Dispel the mysteries of the autoimmune drug category

The autoimmune drug category is so large it can seem inscrutable.

October 14, 2021

We combined integrated claims with diagnosis codes and UM data to uncover indication-specific drug costs.

Treating autoimmune conditions consumes more than $1 in $5 of combined medical/pharmacy drug spend for Prime’s commercially insured book of business. It accounts for $6.7 billion annually across Prime’s book of business. And those costs have been doubling every three or four years.

This aggressive growth needs aggressive management. That can only be done with the right information at the right time. Prime’s sophisticated analytics shine a light into the hard-to-reach corners of pharmacy data.

What factors make the autoimmune category so big?

The costs have been doubling every three or four years, caused by:

  • High inflation by many (not all) of the drugs in this category
  • New drugs – many providing welcome medical advancements in treatment
  • Increased utilization – higher patient counts – for many conditions
  • Patient dose escalation among some, leading to higher costs to treat the condition

The average annual cost for one specialty medication used on a chronic basis is more than $78,000.1 (That cost would have been under $30,000—almost $50,000 lower—if the retail price changes for these drugs had been limited to general inflation between 2006 and 2017.1)

In 2019, we studied a group of 29 drugs that treat autoimmune (AI) conditions.

Nearly half of the 29 drugs in the Prime study are new — 14 of them have been approved and launched in just the last five years, since 2016. These drugs reflect new advancements in treatment and improved quality of life.  For several AI conditions, drug costs make up most of a member’s total cost of care.2 Some of the older drugs are fighting back to hold market position with price increases. Six of them made a list of the year’s top 100 year-over-year price increases.3

There is no cure for AI disorders, but drugs can help improve symptoms or slow disease progression. Because drug therapy is the primary mode of treatment, drug costs typically make up the majority of the cost of care.2 Increased adherence to drug therapy improves quality of life but does not return savings in cost of care. In fact, it will often increase costs.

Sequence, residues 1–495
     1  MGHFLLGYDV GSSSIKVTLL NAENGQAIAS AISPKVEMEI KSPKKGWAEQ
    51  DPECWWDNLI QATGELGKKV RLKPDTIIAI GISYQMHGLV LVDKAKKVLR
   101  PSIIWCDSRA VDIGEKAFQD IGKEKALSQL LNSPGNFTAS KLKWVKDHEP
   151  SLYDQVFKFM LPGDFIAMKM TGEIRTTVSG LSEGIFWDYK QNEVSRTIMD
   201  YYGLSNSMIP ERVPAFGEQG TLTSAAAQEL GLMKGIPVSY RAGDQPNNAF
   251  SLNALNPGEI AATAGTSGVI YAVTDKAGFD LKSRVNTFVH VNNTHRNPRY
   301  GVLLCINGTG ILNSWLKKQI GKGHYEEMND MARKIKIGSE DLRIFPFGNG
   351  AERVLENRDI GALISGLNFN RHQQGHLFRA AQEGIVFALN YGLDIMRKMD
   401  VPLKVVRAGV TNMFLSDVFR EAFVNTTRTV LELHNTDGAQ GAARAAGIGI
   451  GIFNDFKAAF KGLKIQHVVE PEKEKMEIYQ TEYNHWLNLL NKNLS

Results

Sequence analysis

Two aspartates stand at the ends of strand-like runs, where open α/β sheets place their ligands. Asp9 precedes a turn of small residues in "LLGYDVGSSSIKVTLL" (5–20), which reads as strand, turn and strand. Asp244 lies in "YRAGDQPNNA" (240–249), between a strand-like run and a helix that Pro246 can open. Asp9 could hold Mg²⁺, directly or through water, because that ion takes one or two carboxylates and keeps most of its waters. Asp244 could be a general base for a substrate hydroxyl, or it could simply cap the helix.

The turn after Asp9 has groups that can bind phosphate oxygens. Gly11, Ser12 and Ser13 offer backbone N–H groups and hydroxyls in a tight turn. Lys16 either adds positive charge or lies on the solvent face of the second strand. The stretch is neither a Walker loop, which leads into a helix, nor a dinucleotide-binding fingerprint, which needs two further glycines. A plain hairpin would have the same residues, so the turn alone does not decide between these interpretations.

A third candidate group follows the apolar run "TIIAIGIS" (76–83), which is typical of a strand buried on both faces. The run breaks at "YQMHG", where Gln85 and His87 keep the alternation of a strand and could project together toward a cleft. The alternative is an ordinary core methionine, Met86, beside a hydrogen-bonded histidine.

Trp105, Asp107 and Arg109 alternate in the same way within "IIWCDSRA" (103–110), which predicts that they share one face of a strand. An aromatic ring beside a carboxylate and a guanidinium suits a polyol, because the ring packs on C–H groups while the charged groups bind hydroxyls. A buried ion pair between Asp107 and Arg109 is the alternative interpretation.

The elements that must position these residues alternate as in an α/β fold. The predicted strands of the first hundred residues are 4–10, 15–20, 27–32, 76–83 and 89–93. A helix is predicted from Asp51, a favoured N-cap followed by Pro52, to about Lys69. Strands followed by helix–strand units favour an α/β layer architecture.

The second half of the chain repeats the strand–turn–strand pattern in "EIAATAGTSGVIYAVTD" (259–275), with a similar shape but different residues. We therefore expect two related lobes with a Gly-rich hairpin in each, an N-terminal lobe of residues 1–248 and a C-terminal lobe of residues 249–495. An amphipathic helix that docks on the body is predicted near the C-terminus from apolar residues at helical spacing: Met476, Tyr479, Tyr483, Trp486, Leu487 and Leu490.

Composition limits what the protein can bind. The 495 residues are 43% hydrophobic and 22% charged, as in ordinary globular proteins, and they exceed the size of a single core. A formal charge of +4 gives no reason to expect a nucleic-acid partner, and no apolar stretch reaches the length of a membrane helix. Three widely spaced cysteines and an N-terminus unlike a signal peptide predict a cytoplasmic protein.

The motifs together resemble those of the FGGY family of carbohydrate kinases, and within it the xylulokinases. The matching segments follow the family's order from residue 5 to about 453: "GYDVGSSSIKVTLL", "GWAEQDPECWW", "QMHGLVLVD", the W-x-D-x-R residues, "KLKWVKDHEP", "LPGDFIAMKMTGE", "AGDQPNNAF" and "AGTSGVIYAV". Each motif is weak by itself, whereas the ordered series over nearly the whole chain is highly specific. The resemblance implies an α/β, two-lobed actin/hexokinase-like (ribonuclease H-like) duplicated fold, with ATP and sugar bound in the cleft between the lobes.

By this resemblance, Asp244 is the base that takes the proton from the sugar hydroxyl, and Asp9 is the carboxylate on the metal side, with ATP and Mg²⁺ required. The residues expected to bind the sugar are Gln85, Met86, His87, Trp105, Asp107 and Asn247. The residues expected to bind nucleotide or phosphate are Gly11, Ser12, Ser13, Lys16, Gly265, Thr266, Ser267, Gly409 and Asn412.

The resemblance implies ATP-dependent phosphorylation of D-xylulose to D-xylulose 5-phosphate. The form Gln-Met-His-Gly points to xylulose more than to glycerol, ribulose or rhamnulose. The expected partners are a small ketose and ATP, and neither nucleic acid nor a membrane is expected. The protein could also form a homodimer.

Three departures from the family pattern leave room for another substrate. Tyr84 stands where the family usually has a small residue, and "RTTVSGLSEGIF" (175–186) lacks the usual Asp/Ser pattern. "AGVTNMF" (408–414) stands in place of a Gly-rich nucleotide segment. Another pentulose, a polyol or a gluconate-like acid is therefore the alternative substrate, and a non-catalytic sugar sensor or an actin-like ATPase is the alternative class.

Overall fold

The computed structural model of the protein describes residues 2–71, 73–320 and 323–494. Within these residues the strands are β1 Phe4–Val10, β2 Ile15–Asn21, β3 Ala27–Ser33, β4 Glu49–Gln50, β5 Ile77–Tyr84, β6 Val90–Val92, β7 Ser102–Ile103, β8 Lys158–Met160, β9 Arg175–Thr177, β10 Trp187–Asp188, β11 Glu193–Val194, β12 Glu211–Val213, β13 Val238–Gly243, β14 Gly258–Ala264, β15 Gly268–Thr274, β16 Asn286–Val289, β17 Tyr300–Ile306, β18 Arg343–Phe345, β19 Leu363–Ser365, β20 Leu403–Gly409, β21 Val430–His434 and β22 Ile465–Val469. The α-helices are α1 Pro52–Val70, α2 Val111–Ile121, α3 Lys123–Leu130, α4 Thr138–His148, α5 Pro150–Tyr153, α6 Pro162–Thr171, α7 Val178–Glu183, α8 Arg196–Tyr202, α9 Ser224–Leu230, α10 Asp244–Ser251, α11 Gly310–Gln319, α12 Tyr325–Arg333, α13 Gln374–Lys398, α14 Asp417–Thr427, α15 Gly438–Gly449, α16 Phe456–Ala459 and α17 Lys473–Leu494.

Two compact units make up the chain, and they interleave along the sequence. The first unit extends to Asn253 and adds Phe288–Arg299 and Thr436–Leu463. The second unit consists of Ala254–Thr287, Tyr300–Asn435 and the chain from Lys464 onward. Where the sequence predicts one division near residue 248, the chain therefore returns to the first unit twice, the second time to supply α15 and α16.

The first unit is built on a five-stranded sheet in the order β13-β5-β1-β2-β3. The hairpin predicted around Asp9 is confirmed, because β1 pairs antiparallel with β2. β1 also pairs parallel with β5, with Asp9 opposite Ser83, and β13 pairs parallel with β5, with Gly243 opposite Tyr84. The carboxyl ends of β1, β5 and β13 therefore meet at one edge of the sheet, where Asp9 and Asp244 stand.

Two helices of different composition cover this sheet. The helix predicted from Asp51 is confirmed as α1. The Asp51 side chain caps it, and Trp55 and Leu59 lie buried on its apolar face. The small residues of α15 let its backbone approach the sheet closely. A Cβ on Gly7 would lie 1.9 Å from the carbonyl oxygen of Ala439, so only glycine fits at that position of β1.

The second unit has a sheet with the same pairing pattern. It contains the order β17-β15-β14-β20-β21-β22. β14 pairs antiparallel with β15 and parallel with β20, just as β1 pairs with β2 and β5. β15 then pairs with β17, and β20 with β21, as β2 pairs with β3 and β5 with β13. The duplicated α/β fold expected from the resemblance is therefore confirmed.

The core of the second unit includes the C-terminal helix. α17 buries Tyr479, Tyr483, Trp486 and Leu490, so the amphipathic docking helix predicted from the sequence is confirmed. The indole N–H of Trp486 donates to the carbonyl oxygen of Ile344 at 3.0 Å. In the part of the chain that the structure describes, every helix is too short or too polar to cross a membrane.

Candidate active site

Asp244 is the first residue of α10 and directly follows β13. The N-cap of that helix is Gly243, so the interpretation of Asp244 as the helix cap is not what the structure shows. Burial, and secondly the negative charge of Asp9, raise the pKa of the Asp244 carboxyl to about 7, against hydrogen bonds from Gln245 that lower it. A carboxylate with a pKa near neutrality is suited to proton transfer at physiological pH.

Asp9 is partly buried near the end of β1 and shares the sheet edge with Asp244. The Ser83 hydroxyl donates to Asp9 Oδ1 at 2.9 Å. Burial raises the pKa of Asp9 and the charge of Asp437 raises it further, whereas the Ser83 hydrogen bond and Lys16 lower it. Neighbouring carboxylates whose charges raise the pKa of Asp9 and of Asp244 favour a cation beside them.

What makes the autoimmune drug spend so complex?

More than 80 autoimmune conditions affect up to eight percent of the U.S. population. Most of the drugs that treat autoimmune conditions have been approved to treat several different conditions.

Seven conditions accounted for the bulk (more than 95%) of the autoimmune drugs taken by Prime members:4

  • rheumatoid arthritis
  • psoriasis
  • Crohn’s disease
  • psoriatic arthritis
  • ulcerative colitis
  • ankylosing spondylitis and
  • hidradenitis suppurativa

Many of these drugs are covered under the medical benefit. Therefore, to comprehensively understand AI drug utilization trends and drug therapy optimization opportunities integrated medical and pharmacy claims data analytics is essential.

At an individual level, adding to the complexity, many AI conditions are difficult to diagnose, and difficult to manage. They may have a genetic component and/or an environmental trigger. Many AI disorders have several subtypes with distinct features of their own. Often symptoms vary by patient. Patients can go years before getting a correct diagnosis.3 Even once diagnosed, disease progression is often unpredictable and nonlinear and treatment plans may need frequent adjustment.

Many different types of drugs treat autoimmune diseases. Traditional drug treatment options may include immunosuppressant drugs to address the heightened overall immune response, such as:

              • Non-steroidal anti-inflammatory drugs (NSAIDs) to reduce inflammation
              • Glucocorticoids to reduce inflammation
              • Disease-modifying anti-rheumatic drugs (DMARDs) to decrease the damaging tissue and organ effects of the inflammatory autoimmune response

Advancements in treatment work towards suppressing the specific autoimmune inflammatory pathway while leaving the rest of the immune system active so it can fight back against other infectious diseases and cancers.  These kinds of immunotherapy treatments are less toxic to the patient. These include:

      • Monoclonal antibodies designed for targeted immunosuppression
      • Antigen-specific immunotherapy which allows immune cells to specifically target the abnormal cells that cause autoimmune disease
      • Co-stimulatory blockade that works to block the pathway that leads to the autoimmune response
      • Regulatory T-cell therapy that utilizes a special type of T-cell to suppress the autoimmune response

Prime’s actionable analytics cuts through the complexity